The historic center of Oaxaca , established 1529 and World Heritage, is a fine example of 16th century colonial city town planning with iconic architecture displaying a tradition of more than four centuries. You can see our pictures of Oaxaca and around from 2011 by clicking the links.
But this time we came to Oaxaca to see the Night of the Radishes which is held in the Zocolo (main square) on December 23. Giant radishes, specially grown for the event, are carved into human and other figures. Its an amazing spectacle attracting thousands. Somehow we got sent to the front of the queue.
Alebrijes are brightly colored Oaxacan-Mexican folk art sculptures of fantastical creatures. In the 1930s, Pedro Linares fell very ill and while unconscious, he dreamt of a strange place resembling a forest. There, he saw trees, animals, rocks, clouds that suddenly turned into something strange, some kind of animals, but, unknown animals. He saw a donkey with butterfly wings, a rooster with bull horns, a lion with an eagle head, and all of them were shouting one word, “Alebrijes”.
Today, mezcal is still made in the same way in Oaxaca as it was centuries ago. They say: “para todo mal, mezcal, y para todo bien también” (“for everything bad, mezcal; for everything good also”) – tried it a few times, but like the idea better than the taste!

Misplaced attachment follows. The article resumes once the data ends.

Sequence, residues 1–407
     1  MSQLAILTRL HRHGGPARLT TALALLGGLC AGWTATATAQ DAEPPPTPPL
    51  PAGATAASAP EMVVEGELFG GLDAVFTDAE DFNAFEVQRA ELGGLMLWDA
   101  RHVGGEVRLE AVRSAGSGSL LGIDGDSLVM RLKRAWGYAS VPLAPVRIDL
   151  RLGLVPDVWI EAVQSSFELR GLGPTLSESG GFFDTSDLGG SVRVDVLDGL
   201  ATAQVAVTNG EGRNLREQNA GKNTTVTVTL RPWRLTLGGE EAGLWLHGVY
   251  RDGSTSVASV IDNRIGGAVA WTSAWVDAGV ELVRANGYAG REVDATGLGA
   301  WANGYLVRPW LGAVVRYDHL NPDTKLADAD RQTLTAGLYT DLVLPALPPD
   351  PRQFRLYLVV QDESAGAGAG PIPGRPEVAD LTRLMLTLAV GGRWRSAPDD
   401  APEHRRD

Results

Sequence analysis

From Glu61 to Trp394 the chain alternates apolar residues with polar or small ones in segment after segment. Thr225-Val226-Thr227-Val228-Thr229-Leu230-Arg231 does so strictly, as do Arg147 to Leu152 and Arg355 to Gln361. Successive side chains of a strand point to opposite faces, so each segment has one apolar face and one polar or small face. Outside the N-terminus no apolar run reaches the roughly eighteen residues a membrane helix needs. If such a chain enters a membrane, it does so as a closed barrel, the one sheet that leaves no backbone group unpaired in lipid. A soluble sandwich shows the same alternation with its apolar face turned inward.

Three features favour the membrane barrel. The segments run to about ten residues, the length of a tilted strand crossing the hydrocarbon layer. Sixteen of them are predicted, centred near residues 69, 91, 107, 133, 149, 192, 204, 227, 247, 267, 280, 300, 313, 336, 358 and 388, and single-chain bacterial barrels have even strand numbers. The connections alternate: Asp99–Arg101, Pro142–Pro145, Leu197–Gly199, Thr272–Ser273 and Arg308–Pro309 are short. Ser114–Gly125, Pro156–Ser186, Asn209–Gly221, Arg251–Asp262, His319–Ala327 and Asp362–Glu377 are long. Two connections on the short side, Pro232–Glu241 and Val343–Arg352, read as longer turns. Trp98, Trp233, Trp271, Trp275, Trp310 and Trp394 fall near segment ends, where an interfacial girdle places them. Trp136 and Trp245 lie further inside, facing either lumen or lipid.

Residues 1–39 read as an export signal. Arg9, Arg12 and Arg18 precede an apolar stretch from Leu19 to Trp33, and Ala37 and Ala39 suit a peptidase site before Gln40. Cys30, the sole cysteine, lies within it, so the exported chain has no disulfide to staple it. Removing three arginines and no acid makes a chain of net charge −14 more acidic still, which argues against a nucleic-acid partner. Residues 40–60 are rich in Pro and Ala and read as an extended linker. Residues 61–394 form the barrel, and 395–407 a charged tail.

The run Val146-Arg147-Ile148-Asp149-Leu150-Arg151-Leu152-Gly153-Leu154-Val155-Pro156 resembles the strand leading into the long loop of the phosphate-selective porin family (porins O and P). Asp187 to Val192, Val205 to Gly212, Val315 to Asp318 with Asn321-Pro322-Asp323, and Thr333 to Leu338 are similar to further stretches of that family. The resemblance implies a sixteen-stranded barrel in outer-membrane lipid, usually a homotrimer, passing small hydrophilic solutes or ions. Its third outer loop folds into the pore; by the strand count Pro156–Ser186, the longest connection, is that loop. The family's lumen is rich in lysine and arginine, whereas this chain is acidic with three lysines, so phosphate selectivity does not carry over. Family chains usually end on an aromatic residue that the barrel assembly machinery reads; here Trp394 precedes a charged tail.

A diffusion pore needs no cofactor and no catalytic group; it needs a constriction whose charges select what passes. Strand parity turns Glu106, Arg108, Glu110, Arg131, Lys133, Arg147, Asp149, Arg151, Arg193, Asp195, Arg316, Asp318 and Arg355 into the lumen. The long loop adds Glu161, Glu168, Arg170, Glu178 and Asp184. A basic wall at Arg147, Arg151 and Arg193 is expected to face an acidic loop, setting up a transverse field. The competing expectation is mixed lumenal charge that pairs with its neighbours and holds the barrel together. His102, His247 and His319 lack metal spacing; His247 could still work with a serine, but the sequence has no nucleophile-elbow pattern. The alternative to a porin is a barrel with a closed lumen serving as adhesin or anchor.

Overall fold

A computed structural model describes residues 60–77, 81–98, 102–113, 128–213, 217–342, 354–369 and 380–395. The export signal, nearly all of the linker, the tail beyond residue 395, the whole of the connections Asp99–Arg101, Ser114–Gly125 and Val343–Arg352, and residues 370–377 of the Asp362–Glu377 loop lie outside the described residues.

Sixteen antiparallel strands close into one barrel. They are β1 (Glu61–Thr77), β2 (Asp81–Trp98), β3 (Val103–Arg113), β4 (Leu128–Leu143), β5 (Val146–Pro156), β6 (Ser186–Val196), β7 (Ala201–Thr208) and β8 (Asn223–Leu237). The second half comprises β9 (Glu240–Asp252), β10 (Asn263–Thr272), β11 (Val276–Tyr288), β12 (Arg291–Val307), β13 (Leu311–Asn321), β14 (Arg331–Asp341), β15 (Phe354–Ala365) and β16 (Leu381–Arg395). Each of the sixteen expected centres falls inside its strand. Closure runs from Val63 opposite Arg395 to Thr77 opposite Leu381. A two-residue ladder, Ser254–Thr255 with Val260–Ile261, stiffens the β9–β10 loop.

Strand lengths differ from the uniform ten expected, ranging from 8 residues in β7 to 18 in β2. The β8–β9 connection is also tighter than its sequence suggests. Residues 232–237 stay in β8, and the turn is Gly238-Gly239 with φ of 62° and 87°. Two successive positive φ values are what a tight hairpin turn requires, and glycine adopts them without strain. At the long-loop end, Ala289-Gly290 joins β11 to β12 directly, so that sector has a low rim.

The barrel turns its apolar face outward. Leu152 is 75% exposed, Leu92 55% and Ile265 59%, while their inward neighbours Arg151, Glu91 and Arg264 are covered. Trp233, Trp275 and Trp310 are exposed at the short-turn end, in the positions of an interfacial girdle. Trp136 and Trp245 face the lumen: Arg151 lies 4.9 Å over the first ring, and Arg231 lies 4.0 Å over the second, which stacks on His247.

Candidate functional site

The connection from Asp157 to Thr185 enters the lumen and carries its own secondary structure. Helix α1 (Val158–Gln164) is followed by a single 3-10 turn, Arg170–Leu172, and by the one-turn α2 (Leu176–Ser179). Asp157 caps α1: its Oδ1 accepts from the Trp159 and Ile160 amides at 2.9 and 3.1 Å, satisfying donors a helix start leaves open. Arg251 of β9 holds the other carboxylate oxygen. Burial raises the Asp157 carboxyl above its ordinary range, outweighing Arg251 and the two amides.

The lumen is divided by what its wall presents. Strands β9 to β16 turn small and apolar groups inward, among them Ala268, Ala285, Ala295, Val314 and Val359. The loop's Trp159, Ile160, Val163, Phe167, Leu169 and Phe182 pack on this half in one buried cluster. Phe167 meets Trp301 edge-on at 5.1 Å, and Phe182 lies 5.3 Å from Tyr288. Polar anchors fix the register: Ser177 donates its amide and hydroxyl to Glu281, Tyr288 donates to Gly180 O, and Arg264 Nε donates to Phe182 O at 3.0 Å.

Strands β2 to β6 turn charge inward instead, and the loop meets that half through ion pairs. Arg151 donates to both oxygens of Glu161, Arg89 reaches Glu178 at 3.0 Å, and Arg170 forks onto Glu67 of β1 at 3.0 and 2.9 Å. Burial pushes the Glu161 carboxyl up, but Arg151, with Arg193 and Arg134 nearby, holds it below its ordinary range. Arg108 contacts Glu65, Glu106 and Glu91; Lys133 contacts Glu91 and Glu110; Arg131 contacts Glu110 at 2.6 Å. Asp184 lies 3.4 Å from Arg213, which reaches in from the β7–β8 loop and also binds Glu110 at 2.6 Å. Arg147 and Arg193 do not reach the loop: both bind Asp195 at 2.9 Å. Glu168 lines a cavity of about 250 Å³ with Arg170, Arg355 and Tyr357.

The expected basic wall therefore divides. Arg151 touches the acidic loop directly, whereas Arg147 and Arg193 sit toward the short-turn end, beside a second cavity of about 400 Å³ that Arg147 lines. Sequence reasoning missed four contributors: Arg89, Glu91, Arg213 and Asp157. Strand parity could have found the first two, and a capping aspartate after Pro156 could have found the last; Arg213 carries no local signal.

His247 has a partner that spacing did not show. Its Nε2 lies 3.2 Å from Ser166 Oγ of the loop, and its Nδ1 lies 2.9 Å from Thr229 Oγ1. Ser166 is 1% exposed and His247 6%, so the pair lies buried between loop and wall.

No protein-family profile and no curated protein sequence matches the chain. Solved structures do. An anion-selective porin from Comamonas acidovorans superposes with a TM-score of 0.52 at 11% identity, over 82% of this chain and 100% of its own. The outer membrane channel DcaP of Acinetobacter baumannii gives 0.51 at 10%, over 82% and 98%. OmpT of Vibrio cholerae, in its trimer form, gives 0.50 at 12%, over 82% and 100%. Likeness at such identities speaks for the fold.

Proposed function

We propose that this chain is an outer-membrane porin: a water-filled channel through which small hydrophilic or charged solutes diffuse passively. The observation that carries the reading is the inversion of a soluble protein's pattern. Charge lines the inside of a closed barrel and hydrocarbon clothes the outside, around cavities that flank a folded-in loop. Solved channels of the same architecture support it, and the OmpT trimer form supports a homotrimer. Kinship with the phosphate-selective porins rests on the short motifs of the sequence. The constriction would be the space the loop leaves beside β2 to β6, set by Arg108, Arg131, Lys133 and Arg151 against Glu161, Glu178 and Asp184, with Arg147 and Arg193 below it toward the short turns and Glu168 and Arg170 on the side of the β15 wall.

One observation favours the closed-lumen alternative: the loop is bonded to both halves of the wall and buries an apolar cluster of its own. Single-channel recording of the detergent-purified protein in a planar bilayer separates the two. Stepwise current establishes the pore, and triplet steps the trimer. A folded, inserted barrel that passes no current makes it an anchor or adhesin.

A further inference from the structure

We went to nearby Tlacolula for its huge Sunday market. It happened to be their first festival of bread and chocolate and we got to make the announcements in English! Surprise, there was a free mini Guelaguetza (traditional indigenous dancing) in the plaza. We loved it.
About 120 kilometers from Oaxaca in the Mixtecs heartland at around 2000 meters, the Dominicans built a series of monasteries in the 1540s. Each had a open chapel (capilla abierta) to allow mass conversions and church services accommodating the indigenous belief that prayer should conducted in the open, not inside.
We made it to 2 of the best preserved – San Pedro y San Pablo Teposcolula, a fabulous religious complex with a magnificent open chapel and one of the most important works of the sixteenth century in New Spain. This chapel had two spaces, one for singers and one for musicians. Santo Domingo Yanhuitlán, erected on a huge pre-Hispanic platform, is an enormous ex Monastery, larger than the Cathedral in Oaxaca and visible for many kilometers.
Hierve el Agua (boiling water) is in a remote area 60 kilometers east of Oaxaca. The water bubbles up from underground. It’s not boiling, it’s cold. Over thousands of years the minerals in the water have formed pools and “petrified waterfalls”.